Usage of haml versus html


#1

ManageIQ switched recently to use only haml files instead of html.

While using haml still might benefit the majority of the files in the project that has been short anyway even before the haml conversion, the situation with longer and more complicated files is different.

There are several challenges in using haml among which:

  • haml is whitespace sensitive/indentation sensitive which I find hard to rely on during development = it’s very fragile.
  • no closing tags require to track really closely the tabs to see where sections actually end (as opposed to closing tags in html that mark that part clearly) - easily getting lost after 2-3 hierarchies down. so readability of the files is harder.
  • it adds an extra step that converts haml to html - potential penalty on large/complicated files
  • harder to convert more advanced use cases that involve angular directives, etc. (and less documentation/examples online for that)
  • some of the haml files don’t contain RoR code which was the main use case for using haml.

So given the above, I’d like to propose to allow the usage of both haml and html in the project - specifically allowing html for the longer and more complicated use cases.


#2

By html, do you really mean erb?


#3

No, I mean plain html, not erb.
There are some pages like topology (and new dashboards)
that are plain html with Angular, no Ruby involved.


#4

@dclarizio @martin_povolny @hkataria Please chime in with your thoughts.


#5

The one upside to haml is that it generates compliant HTML. In addition, we run haml-lint in the bot which checks additional things. That’s not to say we can’t add something like tidy to the bot to assure it’s structured correctly.


#6

@abonas: I see no problem in using HTML where there’s no need to call helpers and including larger chunks of repeated code.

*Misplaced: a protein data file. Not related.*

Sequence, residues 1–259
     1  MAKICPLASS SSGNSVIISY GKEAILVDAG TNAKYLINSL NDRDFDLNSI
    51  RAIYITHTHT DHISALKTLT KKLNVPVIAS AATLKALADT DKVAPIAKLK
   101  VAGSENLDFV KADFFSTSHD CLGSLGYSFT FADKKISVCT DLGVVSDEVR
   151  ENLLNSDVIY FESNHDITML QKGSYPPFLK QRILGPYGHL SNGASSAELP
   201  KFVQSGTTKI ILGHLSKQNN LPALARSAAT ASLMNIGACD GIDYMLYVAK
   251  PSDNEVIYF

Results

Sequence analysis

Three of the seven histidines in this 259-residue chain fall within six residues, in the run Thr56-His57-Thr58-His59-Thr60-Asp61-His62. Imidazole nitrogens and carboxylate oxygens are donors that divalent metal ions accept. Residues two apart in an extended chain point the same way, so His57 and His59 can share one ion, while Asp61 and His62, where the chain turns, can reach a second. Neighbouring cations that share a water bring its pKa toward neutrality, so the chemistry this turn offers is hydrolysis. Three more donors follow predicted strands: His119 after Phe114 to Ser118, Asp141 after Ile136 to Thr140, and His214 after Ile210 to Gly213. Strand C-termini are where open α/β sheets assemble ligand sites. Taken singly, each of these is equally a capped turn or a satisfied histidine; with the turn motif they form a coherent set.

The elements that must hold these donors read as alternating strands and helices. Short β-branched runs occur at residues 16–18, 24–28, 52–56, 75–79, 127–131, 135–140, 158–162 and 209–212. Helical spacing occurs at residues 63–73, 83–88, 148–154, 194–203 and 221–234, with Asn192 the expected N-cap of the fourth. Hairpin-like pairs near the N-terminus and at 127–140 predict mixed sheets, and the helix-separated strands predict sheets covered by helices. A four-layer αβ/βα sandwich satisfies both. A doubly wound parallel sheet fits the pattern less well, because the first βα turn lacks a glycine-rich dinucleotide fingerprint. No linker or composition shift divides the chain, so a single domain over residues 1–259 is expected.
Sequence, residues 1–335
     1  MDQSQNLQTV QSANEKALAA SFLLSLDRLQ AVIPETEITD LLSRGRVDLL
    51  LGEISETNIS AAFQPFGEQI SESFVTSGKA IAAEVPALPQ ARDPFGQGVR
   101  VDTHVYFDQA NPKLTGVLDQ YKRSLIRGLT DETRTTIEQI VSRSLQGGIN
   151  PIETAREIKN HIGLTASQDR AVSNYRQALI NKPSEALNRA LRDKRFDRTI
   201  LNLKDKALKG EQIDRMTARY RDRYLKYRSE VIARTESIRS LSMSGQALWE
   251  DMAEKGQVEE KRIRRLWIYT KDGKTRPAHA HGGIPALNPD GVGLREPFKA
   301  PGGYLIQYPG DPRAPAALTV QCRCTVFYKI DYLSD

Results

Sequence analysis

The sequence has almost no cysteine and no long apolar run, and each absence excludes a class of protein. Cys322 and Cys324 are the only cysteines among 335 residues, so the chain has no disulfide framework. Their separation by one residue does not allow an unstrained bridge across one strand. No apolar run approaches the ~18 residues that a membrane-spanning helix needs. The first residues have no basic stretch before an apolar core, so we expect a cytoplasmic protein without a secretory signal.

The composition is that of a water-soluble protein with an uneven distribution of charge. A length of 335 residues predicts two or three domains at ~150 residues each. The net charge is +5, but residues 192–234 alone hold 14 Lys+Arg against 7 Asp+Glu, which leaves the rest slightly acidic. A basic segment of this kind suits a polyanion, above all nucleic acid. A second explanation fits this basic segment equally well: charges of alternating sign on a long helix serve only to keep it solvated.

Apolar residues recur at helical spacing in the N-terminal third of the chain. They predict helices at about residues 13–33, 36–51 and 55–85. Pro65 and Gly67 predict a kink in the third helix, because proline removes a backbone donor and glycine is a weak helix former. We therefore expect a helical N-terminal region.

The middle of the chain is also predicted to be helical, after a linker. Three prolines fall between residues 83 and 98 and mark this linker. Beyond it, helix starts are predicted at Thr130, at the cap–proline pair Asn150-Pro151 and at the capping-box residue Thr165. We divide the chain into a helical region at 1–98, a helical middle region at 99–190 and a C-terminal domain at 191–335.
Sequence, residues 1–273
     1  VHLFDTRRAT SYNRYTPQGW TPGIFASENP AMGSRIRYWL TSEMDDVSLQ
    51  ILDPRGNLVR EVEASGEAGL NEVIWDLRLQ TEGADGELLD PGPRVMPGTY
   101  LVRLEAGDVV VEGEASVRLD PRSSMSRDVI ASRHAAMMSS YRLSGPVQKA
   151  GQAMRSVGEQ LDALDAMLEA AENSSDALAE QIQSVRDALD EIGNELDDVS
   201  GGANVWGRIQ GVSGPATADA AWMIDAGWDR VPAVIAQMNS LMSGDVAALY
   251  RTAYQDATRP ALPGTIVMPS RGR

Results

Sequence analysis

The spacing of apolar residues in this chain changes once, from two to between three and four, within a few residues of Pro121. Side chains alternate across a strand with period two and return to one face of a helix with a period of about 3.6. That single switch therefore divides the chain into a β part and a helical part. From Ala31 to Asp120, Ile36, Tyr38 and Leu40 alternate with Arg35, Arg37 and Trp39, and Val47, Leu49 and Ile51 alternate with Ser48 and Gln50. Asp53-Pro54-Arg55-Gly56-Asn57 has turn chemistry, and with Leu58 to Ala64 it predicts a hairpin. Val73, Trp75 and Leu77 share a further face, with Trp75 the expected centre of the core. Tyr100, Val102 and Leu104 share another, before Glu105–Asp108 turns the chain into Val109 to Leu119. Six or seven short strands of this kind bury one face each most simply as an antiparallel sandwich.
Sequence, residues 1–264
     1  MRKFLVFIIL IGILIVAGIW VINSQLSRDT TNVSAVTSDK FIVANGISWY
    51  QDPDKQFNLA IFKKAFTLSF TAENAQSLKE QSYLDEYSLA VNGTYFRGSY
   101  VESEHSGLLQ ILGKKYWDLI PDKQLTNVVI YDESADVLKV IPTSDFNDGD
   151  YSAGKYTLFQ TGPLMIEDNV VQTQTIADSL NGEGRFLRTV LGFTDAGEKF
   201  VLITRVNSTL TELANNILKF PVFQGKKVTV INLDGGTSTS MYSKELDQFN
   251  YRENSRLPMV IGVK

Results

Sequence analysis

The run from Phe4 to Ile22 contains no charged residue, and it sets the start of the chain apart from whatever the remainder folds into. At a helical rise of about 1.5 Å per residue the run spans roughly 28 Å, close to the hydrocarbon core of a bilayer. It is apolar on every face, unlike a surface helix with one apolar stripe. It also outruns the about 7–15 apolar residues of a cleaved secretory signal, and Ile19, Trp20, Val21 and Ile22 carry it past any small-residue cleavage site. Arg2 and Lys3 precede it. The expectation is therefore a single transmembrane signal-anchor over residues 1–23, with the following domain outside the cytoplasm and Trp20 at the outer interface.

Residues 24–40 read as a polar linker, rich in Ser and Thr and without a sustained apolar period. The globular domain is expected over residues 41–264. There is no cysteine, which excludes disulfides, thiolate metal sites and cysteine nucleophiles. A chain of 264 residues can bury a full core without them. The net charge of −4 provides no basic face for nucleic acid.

If you have nicely formated HTML code that does the job for you I see no benefit in converting it to HAML.

Especially in case of Angular it makes perfect sense to me to have static HTML.


#7

@martinpovolny I completely agree with you, I started this thread after I was specifically asked to convert the html into haml during code review of the Topology widget PR (3524) where there is only Angular code.


#8

I am +1 on @abonas suggestion that @martinpovolny agrees with.

@dclarizio @hkataria @tenderlove @matthewd @Fryguy Please +1 if you agree with proposal or provide your opposing opinion.


#9

+1 the argument makes sense.


#10

+1


#11

@abonas @Fryguy @dclarizio @martinpovolny @hkataria Seems like we have consensus to allow usage of straight HTML where

  • it does not call Ruby
  • it is nicely formatted
  • Angular as main use case for static HTML

#12

@chessbyte that’s great. I’d like to know what is considered as nicely formatted, which tools and validations the html has to pass. thanks.


#13

@abonas I will defer the term “nicely formatted” to @martinpovolny. One objective measure may be running it through Tidy


#14

+1 agree with above suggestions.


#15

Late to the discussion but…

In places we do use HTML, it means we can’t reference any other assets - no image references without image_path, and we do have to handle translation in Javascript (again, no _(...) in pure html).

Which IMHO severely reduces the set of templates that can realistically be HTML.

Just my 2c :slight_smile:


Translations in Angular controllers and related code